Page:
The aim of such a rules-based agreement is to create a more conducive environment for capital flows.
Europe’s search for a China strategy | East Asia Forum
Europe and China, with strong codependency, will not end their marriage on trade and sectoral cooperation. They are reviewing and adding more rules for a new paradigm to make the relationship stable and sustainable. Her research interests include East Asia economic strategies, international institutions, and the world order. For many observers, the overriding impression of the EU, in the Summer of , was that of a political experiment failing. For many observers in Europe and beyond, the overriding impression of the EU, in the summer of , was that of a political experiment failing rather than succeeding, of a continent united in name rather than in practice and of a European Union in crisis.
While Britain has long been recognised as an awkward partner in the EU, the first-ever withdrawal of a member state from the EU would be a huge upheaval and a further sign of crisis and decline.
To complicate matters further, in addition to the EU, some of its member states also faced the possibility of disintegration, with both separatist political parties gaining ground in important regions, such as Scotland and Catalonia. However, while this image of a European Union in crisis resonates in the light of these experiences, it is not entirely accurate. The European Single Market continues to function well, constituting the largest internal market in the world.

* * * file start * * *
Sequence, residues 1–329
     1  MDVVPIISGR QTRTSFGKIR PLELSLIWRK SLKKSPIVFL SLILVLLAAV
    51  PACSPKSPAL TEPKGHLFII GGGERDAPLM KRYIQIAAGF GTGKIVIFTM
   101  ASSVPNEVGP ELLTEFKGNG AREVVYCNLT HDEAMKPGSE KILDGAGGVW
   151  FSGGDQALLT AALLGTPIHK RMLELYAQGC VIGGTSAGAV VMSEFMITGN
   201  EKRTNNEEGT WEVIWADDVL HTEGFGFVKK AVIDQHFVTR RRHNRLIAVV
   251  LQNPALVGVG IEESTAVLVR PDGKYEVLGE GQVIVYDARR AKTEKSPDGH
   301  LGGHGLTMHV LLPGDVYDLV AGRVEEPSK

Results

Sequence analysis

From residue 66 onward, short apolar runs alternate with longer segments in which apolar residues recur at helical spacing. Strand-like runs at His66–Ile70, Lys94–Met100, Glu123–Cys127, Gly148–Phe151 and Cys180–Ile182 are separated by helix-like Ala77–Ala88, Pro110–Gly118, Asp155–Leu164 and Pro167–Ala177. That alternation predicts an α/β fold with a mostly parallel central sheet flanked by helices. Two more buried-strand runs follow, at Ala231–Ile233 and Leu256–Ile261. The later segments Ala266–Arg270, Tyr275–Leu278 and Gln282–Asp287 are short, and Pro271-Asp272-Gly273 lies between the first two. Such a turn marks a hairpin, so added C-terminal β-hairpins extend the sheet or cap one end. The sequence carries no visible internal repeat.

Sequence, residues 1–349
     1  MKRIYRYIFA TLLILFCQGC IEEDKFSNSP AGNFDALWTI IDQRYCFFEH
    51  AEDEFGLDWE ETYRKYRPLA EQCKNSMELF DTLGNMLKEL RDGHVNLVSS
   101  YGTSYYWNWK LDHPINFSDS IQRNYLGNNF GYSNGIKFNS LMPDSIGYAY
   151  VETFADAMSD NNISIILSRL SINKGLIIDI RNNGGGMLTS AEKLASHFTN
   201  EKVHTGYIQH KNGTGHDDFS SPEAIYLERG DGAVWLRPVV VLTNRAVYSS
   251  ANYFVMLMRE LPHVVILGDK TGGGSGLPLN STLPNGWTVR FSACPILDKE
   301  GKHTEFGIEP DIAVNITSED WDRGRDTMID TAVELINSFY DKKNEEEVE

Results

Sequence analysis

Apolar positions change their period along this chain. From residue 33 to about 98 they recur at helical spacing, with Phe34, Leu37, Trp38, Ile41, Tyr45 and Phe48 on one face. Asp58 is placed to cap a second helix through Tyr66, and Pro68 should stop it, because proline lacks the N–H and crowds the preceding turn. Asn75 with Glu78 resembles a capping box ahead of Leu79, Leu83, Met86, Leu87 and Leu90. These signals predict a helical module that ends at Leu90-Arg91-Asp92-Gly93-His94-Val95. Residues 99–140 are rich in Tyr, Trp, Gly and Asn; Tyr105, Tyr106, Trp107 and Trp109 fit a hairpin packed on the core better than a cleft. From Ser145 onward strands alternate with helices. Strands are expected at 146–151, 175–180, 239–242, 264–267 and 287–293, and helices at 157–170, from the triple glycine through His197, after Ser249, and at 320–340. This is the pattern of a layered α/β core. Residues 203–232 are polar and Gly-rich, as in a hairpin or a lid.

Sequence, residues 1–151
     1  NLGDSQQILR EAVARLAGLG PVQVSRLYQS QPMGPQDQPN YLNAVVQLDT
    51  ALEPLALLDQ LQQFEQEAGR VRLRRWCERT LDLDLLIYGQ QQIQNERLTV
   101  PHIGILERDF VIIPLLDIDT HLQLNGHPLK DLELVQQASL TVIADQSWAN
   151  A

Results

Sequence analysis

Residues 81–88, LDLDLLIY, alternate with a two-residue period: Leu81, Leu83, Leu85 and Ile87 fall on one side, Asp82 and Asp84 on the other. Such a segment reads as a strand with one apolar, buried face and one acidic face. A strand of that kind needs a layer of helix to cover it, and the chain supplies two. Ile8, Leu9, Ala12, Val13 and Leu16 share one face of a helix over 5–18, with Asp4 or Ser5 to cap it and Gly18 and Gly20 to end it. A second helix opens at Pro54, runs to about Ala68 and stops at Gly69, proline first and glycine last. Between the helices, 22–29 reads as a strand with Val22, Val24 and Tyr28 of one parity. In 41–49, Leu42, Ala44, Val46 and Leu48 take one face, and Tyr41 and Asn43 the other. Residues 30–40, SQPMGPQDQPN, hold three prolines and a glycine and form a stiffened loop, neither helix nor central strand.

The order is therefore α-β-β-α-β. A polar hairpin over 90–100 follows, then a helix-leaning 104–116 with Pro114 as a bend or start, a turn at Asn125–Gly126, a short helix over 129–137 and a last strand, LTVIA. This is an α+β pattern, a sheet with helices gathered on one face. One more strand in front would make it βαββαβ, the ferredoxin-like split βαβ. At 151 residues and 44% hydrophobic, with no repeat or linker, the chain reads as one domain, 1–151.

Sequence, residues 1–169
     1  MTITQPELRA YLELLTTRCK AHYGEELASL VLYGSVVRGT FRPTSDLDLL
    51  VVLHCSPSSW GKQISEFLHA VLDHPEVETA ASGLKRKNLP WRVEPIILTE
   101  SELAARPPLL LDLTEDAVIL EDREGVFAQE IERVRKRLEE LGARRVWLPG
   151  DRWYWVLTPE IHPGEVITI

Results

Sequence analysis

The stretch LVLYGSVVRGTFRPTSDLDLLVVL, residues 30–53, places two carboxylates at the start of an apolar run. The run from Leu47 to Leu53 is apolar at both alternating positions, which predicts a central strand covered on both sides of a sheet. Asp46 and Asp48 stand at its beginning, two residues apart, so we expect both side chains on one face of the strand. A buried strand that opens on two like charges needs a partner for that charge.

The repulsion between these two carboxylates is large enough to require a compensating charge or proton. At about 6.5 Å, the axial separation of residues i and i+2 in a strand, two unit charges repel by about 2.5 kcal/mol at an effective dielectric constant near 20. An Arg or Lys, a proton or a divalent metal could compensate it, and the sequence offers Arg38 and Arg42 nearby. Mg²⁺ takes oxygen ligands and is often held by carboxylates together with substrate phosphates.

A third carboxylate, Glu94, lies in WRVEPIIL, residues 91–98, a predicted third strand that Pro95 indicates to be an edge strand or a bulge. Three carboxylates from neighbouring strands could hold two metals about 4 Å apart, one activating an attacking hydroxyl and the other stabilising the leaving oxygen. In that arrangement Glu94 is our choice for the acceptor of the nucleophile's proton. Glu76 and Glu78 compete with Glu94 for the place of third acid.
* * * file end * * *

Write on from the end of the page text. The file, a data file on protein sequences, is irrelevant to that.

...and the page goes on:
The EU also leads the world with regard to trade and foreign direct investment, and it is in the process of negotiating trade and investment agreements with numerous economic partners around the globe, including the US and China. The EU has been at the forefront of the push for a global agreement to limit CO2 emissions and combat climate change, and for a long time, it has been the biggest donor of development aid in the world.
And while the EU has generally failed to create a zone of peace and stability in its neighbourhood, it has at least banished violent conflict within its own territory. EU trade, investment and association agreements with Asia regularly include references to good governance, the rule of law and respect for international agreement. At its inception, the EU was a political rather than an economic project.